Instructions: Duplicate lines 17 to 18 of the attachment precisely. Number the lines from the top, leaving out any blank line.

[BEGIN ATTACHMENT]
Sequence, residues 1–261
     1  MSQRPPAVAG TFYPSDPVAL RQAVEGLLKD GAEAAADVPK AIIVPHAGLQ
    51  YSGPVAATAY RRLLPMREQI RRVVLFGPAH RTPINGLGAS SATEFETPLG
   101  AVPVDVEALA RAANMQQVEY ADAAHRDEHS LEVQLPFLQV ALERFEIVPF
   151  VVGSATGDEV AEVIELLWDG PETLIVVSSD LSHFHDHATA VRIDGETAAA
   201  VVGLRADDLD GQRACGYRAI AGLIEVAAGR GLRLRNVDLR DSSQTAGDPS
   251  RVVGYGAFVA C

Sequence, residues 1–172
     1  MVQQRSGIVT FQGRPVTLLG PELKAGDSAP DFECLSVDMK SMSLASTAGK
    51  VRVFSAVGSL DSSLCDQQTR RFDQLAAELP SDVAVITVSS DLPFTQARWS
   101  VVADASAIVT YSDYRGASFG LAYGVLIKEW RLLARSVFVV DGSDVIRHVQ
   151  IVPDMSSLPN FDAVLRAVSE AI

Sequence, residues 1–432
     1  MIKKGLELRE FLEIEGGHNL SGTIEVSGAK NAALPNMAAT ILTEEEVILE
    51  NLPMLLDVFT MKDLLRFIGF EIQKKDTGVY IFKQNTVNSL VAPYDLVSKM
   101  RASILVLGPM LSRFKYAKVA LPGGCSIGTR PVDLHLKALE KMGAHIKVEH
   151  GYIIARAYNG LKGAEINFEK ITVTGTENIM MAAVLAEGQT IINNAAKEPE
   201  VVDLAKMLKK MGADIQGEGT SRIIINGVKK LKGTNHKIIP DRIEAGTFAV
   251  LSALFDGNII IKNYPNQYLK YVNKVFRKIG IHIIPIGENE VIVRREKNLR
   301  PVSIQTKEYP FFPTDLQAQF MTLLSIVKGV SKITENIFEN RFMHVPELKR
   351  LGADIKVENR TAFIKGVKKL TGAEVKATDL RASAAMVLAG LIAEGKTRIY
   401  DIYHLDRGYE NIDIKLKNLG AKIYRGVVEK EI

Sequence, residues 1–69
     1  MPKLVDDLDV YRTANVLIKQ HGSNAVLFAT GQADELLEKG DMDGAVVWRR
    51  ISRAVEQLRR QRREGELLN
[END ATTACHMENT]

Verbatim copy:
   151  GYIIARAYNG LKGAEINFEK ITVTGTENIM MAAVLAEGQT IINNAAKEPE
   201  VVDLAKMLKK MGADIQGEGT SRIIINGVKK LKGTNHKIIP DRIEAGTFAV